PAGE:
Sometimes, you just have to take a picture.
Canon Eos 5D, 1/100, f5.6, ISO400, 420EX, Inon Z220 in Kokopo, Papua New Guinea.
Sometimes, you just have to take a picture.
Canon Eos 5D, 1/100, f5.6, ISO400, 420EX, Inon Z220 in Kokopo, Papua New Guinea.
Last July, I was on MV Golden Dawn just off Kokopo, which is the center of activity in the Rabaul area of East New Britain, PNG these days, given that Rabaul town is covered in ash and there is regular volcanic activity spewing dust, red-hot rocks, ash and noxious fumes into the air and onto Rabaul.
We were moored just off shore, with a muck bottom about 20m to 25m below. Everyone else geared up and went for a wreck dive. I chose to stay behind, and dived down on the mooring line to look around.
A bunch of discarded tires were part of the mooring set up, and around/ inside/ among the tires were substantial communities of life…eels, stonefish, cleaner shrimp and lots of fish.
Given that it was two days before full moon, I kept my eyes open for courtship activity, which tends to happen around full and new moons. Sure enough, there were a couple of species of cardinalfish around the tires, both engaging in mating rituals. A few were carrying eggs, perhaps fertilised around the previous new moon.
With murky water, swarms of fish, plus tires/ chains/ ropes flopping all over the place, it took many(!) tries to isolate a single fish. This one had an enormous mouthful of eggs, ripe enough that I could easily make out the baby eyes.
In case you don’t know, male cardinalfish care for fertilised eggs in their mouths, occasionally spitting them out to aerate them, which is what’s going on in the picture below.
Both photos shot at f8, 1/200, ISO160 on a Canon Eos 5D with a 100mm macro lens, plus two Inon Z220 strobes.
Can anyone help me ID the species?
Update 28 Jan: I think we’ve determined it’s an Apogon apogonides, common name plain cardinalfish. Thanks Ron!
I made a quick overnight trip to Izu recently to discuss an upcoming project, and I took advantage of the opportunity to visit friends and make new friends too.
First, I stopped off to see Keiu-san and Michiyo-san, who own and operate Dan’s Dive Shop. They took wonderful care of me and a couple of friends during an extended dive trip in Izu a couple of years ago (meaning they were incredibly patient with us!).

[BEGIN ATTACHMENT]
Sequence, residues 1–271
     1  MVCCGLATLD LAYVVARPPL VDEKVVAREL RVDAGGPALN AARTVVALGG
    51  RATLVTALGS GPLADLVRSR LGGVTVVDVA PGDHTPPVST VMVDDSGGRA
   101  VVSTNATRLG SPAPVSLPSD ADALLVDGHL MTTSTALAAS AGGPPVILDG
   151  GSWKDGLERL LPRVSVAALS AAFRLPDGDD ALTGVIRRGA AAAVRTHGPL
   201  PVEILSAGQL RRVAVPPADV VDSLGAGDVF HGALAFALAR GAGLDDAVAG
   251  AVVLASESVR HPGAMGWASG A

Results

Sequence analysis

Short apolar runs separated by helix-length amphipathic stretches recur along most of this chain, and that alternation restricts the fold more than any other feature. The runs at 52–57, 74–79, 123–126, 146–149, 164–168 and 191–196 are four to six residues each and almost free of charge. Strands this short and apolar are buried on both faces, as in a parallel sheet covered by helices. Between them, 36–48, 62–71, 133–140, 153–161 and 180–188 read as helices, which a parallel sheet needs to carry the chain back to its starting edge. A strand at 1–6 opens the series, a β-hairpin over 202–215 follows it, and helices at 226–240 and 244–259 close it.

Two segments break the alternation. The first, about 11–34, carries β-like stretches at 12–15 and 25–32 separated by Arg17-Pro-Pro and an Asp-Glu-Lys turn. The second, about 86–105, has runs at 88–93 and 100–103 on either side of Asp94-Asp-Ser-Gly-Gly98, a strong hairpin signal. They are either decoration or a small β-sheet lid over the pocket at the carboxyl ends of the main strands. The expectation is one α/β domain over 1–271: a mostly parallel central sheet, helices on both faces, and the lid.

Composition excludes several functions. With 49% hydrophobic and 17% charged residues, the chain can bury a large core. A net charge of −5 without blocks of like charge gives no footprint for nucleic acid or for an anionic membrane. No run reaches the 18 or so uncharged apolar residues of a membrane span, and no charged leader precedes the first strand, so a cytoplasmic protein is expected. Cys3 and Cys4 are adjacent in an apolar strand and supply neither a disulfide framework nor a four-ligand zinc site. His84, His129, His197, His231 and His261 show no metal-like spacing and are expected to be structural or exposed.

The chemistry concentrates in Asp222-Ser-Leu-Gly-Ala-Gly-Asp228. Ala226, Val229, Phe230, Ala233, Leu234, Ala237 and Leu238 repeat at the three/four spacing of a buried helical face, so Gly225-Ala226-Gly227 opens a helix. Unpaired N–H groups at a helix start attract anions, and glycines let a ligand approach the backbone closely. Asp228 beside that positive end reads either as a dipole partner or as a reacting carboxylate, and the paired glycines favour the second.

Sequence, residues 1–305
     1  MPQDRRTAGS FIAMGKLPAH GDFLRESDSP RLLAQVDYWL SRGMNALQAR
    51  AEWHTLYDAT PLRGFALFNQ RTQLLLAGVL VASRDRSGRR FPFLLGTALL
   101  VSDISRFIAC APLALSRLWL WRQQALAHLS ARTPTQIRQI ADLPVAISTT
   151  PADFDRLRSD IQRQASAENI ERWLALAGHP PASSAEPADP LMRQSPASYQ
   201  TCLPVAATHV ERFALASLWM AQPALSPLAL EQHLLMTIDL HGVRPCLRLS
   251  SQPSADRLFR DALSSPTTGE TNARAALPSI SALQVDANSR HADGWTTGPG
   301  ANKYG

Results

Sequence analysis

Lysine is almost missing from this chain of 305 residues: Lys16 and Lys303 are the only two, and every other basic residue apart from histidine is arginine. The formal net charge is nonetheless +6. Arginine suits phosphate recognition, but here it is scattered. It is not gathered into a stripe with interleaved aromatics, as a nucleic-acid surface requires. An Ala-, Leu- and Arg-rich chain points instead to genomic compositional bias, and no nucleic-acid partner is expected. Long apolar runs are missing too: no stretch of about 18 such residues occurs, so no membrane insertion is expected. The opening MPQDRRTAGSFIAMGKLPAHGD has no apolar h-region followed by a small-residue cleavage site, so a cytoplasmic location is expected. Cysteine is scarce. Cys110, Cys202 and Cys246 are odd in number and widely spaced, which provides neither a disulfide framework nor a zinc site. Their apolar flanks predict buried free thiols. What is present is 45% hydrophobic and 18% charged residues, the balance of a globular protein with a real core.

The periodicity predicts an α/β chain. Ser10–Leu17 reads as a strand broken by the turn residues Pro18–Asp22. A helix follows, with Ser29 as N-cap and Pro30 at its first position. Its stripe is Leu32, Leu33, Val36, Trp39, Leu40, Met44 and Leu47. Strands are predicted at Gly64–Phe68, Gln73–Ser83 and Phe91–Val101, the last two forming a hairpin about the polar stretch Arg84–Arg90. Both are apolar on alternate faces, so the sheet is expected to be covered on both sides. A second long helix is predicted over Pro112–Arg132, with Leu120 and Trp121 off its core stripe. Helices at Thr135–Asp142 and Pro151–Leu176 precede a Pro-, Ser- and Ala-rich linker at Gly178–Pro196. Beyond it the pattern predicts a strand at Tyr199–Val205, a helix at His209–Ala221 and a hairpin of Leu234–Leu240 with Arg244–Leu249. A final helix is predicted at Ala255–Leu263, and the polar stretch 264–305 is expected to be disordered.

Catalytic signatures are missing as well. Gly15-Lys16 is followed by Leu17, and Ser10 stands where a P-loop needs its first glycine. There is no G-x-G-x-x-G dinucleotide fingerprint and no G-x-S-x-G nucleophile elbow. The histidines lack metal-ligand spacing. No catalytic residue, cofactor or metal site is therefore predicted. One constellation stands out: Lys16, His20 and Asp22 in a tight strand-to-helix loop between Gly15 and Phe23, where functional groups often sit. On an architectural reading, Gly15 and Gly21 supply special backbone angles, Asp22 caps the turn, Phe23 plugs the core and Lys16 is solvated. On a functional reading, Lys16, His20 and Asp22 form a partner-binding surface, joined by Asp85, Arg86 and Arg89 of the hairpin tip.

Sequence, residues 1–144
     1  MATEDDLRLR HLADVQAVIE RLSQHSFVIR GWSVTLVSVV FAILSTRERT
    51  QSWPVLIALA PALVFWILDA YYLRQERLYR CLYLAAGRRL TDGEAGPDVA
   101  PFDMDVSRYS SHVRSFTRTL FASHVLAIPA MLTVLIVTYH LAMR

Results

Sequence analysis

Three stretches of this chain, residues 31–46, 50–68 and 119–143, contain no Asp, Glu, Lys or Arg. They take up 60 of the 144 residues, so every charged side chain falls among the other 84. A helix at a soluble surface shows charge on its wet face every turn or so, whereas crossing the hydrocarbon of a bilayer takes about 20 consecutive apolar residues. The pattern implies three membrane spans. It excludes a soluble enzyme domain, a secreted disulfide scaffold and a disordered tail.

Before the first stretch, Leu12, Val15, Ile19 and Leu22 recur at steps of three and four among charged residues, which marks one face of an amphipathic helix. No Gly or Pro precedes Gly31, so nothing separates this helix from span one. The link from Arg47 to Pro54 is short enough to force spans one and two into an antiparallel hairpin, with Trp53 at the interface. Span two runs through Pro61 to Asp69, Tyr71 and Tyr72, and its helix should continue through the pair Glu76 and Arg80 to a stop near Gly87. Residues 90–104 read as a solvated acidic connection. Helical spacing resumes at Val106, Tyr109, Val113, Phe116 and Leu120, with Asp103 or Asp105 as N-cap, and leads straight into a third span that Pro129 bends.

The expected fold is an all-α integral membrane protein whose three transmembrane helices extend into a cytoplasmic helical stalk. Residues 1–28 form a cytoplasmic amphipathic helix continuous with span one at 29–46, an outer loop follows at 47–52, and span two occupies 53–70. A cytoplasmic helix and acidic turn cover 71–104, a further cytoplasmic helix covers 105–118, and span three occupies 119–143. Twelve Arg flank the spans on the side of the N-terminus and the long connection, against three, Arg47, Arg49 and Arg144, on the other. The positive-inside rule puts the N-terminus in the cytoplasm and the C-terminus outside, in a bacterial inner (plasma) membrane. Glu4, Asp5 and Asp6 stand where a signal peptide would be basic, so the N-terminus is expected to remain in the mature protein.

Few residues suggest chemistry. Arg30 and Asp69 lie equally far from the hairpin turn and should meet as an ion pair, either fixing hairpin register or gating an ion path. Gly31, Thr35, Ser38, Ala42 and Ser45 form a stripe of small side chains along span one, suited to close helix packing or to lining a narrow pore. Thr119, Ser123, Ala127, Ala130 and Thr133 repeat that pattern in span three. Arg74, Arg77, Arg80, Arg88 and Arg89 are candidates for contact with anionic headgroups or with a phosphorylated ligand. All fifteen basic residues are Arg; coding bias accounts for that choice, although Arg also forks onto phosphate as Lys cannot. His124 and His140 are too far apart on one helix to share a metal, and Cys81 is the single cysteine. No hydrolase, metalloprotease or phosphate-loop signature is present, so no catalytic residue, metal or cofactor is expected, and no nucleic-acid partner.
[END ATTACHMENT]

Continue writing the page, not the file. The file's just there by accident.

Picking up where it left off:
They’re both veterans of the diving scene in Izu, and they seem to know just about everyone in the area. Keiu-san also has a species of basslet that he discovered named after him, Rabaulichthys suzukii.
I also met Yokota-san who runs a dive shop named Go To The Sea. Actually, I “met” Yokota-san virtually (via email) some time ago, when news of the recently discovered Maluku frogfish broke.
At that time, I sent him a few photos of the fish that I had received from Maluku Divers. Yokota-san is a die-hard frogfish maniac, and he was one of the first people in the world that I know of to point out that the Maluku frogfish probably belongs to the Histiophryne genus.
Yes, I know. If you’re not a fish nut, this revelation probably doesn’t mean much. But at the time, there was significant debate about how to ID the new frogfish. In case you’re interested, DNA tests have subsequently been performed, with results to be announced shortly.
These days, Yokota-san is focusing his energies on ID-ing hermit crabs. He showed me a couple of albums filled with hermit crab images and IDs. I never realised how many different species there are.
And finally, I hooked up for a chat with Yamabe-san of PNG Japan and Shinohara-san of Sea Front. If you’ve read my blog posts before, you know I’m a big fan of PNG, so I’ve known Yamabe-san for some time. This was the first time I met Shinohara-san, however.
He’s one of the pioneers of diving on the eastern side of the Izu peninsula, concentrating on the Futo area. He also takes people to Hatsushima, which is a small island just off the coast. I’ve never been there, but from photos and video he showed me, there’s a lot of soft coral (I would’ve never imagined) and large schools of fish swarming around.
Of course, no trip is complete without good food. Keiu-san’s family owns and operates one of the best known citrus gardens in this part of Japan, called Suzuki-en. If you find yourself in the Usami area of the Izu peninsula, it’s worth dropping by to pick fruits yourself (which is much more fun than it sounds), or just buy some fresh fruits.